Every PR that lands in the compiler and its associated crates must be reviewed by at least one person who is knowledgeable with the code in question.
When a PR is opened, you can request a reviewer by including
r? @username in the PR description. If you don't do so, the highfive bot
will automatically assign someone.
It is common to leave a
r? @username comment at some later point to
request review from someone else. This will also reassign the PR.
We never merge PRs directly. Instead, we use bors. A qualified
reviewer with bors privileges (e.g., a compiler
contributor will leave a comment like
This indicates that they approve the PR.
People with bors privileges may also leave a
command. This indicates that the PR was already approved by
@username. This is commonly done after rebasing.
Finally, in some cases, PRs can be "delegated" by writing
@bors delegate+ or
@bors delegate=username. This will allow the PR author
to approve the PR by issuing
@bors commands like the ones above
(but this privilege is limited to the single PR).
All reviewers are strongly encouraged to explicitly mark a PR as to whether or not it should be part of a rollup with one of the following:
rollup=always: These PRs are very unlikely to break tests or have performance implications. Example scenarios:
- Changes are limited to documentation, comments, etc. that is highly unlikely to fail a build.
- Changes cannot have performance implications.
- Your PR is not landing possibly-breaking or behavior altering changes.
- Feature stabilization without other changes is likely fine to rollup, though.
rollup=maybe: This is the default if you do not specify a rollup status. Use this if you don't have much confidence that it won't break tests. This can be used if you aren't sure if it should be one of the other categories. Since this is the default, there is usually no need to explicitly specify this, unless you are un-marking the rollup level from a previous command.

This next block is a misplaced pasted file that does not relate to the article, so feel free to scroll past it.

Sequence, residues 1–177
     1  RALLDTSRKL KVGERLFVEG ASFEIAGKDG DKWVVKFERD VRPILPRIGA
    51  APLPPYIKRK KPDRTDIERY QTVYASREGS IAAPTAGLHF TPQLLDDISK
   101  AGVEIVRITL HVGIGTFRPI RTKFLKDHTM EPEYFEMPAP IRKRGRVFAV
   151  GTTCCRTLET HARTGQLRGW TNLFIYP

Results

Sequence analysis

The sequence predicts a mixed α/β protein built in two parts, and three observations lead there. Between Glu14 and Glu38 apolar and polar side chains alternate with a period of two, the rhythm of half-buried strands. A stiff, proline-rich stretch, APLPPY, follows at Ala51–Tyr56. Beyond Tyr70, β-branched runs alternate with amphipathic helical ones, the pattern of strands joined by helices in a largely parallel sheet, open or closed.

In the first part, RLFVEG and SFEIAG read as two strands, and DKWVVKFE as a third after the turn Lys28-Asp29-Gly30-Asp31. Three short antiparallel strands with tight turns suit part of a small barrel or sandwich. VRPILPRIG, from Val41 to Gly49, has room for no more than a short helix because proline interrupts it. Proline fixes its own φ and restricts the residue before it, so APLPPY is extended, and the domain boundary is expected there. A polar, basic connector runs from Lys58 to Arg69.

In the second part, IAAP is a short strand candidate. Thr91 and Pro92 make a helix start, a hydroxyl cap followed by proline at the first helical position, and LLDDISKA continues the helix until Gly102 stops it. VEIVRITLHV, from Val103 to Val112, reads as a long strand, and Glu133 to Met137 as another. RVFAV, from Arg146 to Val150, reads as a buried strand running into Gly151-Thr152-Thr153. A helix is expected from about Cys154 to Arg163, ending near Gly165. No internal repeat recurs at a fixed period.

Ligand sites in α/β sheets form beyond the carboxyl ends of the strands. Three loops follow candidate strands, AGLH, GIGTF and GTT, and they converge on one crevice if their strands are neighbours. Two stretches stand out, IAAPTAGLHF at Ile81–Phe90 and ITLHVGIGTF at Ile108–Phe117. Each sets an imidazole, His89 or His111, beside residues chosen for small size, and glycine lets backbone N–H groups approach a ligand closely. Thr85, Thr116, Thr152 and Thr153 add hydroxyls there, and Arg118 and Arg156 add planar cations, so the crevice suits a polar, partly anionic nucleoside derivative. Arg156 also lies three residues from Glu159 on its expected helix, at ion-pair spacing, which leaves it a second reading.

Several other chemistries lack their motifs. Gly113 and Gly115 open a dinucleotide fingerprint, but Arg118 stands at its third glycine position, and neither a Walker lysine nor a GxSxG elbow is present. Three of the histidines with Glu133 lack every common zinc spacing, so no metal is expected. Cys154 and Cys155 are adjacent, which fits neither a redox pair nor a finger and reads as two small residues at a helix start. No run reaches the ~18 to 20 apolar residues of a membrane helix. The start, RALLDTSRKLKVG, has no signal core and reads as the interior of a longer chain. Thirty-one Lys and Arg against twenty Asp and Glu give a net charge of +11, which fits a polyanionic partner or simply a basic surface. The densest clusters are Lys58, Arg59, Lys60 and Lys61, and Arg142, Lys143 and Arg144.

rollup=iffy: Use this for mildly risky PRs (more risky than "maybe"). Example scenarios:
- The PR is large and non-additive (note: adding 2000 lines of completely new tests is fine to rollup).
- Messes too much with:
- LLVM or code generation
- bootstrap or the build system
- Has platform-specific changes that are not checked by the normal PR checks.
- May be affected by MIR migrate mode.
rollup=never: This should never be included in a rollup (please include a comment explaining why you have chosen this). Example scenarios:
- May have performance implications.
- May cause unclear regressions (we would likely want to bisect to this PR specifically, as it would be hard to identify as the cause from a rollup).
- Has a high chance of failure.
- Is otherwise dangerous to rollup.
@bors rollupis equivalent to
@bors rollup-is equivalent to
Reviewers are encouraged to set one of the rollup statuses listed above instead of setting priority. Bors automatically sorts based on the rollup status (never is the highest priority, always is the lowest), and also by PR age. If you do change the priority, please use your best judgment to balance fairness with other PRs.
The following is some guidance for setting priorities:
- P-high issue fixes
- Toolstate fixes
- Beta-nominated PRs
- Submodule updates
- P-critical issue fixes
- Bitrot-prone PRs (particularly very large ones that touch many files)
- Urgent PRs
- Beta backports
- High priority that needs to jump ahead of any rollups
- Fixes or changes something that has a high risk of being re-broken by another PR in the queue.
- Absolutely critical fixes
- Release promotions
bors privileges are binary: the bot doesn't know which code you are familiar with and what code you are not. They must therefore be used with discretion. Do not r+ code that you do not know well -- you can definitely review such code, but try to hand off reviewing to someone else for the final r+.
Similarly, never issue a
r=username command unless that person has
done the review, and the code has not changed substantially since the
review was done. Rebasing is fine, but changes in functionality
typically require re-review (though it's a good idea to try and
highlight what has changed, to help the reviewer).